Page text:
Unfortunately, commodity futures have failed to match the return on equities, and proved increasingly poor diversifiers. Only the argument for inflation protection remains.
While pension fund strategies tend to be sticky, they are not static. The years of under-performance are prompting a rethink, as well as a new set of sales pitches.
The most limited strategic response is to pick a more "dynamic" index which seeks to optimize the maturity and rolling of futures contracts.
A more radical strategy permits a more dynamic re-allocation of exposure between commodity markets either within the framework of an index wrapper or in a pure hedge fund type structure.
The most radical strategy is to allocate funds to a hedge fund with a wide mandate to take long and short positions.
Only the most radical, hedge fund long/short strategy is likely to work on a sustained basis. The others have already begun to compete away the returns to curve optimization etc as the strategies become more widely adopted.
The problem with hedge fund strategies is that returns are to the skill of the hedge fund manager rather than intrinsic to the commodities themselves. "Commodities" ceases to be a separate asset class of its own and becomes simply a sub-set of "hedge funds".
Institutions have found it notoriously hard to capture hedge fund returns, where most of the return has been captured by hedge fund managers themselves.
New pension-fund allocations to commodities as an asset class have slowed significantly over the last 18 months. Money that has already been allocated has increasingly been transferred from passive indices into more active indices, active managers, and even hedge funds.
The crucial question is whether fresh allocations will stop, and money already allocated eventually be withdrawn, if returns continue to disappoint.
Even if money already committed to indices is not pulled out of the asset class, it seems very likely fresh allocations will stop. Pension funds and their advisers, reviewing the performance of previous commodity investments over a three-year, five-year or 10-year horizon are unlikely to see a compelling case to invest, after the recent underperformance.
The end of fresh institutional investment inflows would profoundly affect commodity markets. The massive expansion of investors' involvement has supported an enormous increase in the number of commodity brokers and market-makers and a big build out of the major investment bank's commodity dealing divisions, as well as a substantial rise in staffing levels and associated services.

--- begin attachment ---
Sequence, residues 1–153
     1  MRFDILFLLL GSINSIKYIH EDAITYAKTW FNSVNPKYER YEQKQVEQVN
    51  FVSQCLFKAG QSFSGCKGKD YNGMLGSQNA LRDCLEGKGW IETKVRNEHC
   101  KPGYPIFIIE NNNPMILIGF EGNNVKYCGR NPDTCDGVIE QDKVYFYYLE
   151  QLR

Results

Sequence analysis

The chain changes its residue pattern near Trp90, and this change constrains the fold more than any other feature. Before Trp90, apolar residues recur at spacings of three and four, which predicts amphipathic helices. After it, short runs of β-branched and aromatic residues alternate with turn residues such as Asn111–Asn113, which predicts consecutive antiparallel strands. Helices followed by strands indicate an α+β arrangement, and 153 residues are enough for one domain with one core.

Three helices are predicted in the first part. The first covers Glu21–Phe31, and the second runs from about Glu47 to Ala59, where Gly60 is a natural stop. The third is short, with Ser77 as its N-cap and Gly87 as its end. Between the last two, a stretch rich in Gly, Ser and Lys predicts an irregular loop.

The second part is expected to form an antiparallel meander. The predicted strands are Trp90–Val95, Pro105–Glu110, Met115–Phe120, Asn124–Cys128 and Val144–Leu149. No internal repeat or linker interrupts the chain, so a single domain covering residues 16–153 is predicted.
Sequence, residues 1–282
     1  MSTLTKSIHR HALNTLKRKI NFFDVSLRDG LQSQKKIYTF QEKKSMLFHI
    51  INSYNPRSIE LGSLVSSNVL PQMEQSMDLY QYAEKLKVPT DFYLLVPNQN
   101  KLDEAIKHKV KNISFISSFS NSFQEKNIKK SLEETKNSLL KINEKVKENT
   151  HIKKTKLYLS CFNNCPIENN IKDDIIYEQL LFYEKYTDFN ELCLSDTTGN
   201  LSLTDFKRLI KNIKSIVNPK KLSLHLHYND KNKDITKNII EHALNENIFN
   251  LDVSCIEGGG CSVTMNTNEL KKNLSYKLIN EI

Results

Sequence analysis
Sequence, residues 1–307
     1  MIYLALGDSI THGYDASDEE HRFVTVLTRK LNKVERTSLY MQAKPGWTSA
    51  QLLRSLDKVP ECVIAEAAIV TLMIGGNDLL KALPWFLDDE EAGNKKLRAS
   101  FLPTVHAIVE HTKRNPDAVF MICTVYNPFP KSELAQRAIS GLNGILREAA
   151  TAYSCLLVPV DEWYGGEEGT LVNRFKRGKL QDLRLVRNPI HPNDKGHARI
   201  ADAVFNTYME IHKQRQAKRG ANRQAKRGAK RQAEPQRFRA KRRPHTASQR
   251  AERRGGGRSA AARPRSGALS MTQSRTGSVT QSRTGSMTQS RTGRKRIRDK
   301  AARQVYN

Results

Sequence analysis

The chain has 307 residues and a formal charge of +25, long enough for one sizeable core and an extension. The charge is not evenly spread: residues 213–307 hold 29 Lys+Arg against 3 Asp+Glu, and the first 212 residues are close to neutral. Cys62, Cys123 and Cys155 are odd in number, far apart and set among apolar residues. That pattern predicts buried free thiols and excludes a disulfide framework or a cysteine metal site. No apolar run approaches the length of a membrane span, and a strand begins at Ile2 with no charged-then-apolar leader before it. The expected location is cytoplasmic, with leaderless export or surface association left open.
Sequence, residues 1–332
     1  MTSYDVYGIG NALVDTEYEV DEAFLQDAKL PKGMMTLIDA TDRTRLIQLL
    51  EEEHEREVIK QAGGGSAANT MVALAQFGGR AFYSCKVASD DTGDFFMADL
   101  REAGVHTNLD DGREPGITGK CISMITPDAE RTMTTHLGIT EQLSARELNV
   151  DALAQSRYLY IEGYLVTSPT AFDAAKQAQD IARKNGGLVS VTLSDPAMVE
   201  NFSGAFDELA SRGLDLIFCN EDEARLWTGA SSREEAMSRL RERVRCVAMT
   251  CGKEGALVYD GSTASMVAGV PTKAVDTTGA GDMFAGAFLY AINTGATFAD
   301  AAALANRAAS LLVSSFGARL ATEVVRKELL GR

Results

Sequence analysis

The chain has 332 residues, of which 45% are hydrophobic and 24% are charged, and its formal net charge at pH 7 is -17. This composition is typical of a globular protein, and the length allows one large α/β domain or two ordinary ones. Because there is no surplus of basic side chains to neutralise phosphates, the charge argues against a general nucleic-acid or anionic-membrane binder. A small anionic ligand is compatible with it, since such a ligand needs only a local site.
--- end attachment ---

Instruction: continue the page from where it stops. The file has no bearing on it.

It has also driven a substantial "financialisation" of commodity markets and prices, increasingly correlations among different commodity prices as well as with other asset classes, promoting a more forward-looking expectations-driven approach to pricing.
Negatively, investors and financialisation have been blamed for unleashing a series of bubble-like price spikes and crashes. More benignly, they may have added to market liquidity and depth, supporting increased hedging over longer periods by both commodity producers and consumers, and enabling the markets to handle physical disruptions with less volatility than before.
If pension fund inflows stop, or go into reverse, all these aspects of financialisation could go the same way.
Predictions about the next phase in the evolution of commodity markets must be very tentative. But it seems likely the next few years will see a consolidation of market-making and brokerage services as the market matures. There are already signs of this happening, with the closure or downsizing of some of the second-tier commodity divisions at investment banks.
In terms of price behavior, the tight correlations among commodities and with other asset classes seem set to loosen (some already have) as remaining investors stress differences (on both demand and supply sides) rather than broad cross-commodity trends. Less positively, the trend towards increasingly liquidity may halt, or even reverse.
No one knows for certain. But there are signs the super-cycle theme and commitment of increasing long-term capital to derivative markets that dominated the past decade may be drawing to a close. As usual, the winners will be those who adapt fastest to the new era.
(John Kemp is a Reuters market analyst. The views expressed are his own)
Editing by Alison Birrane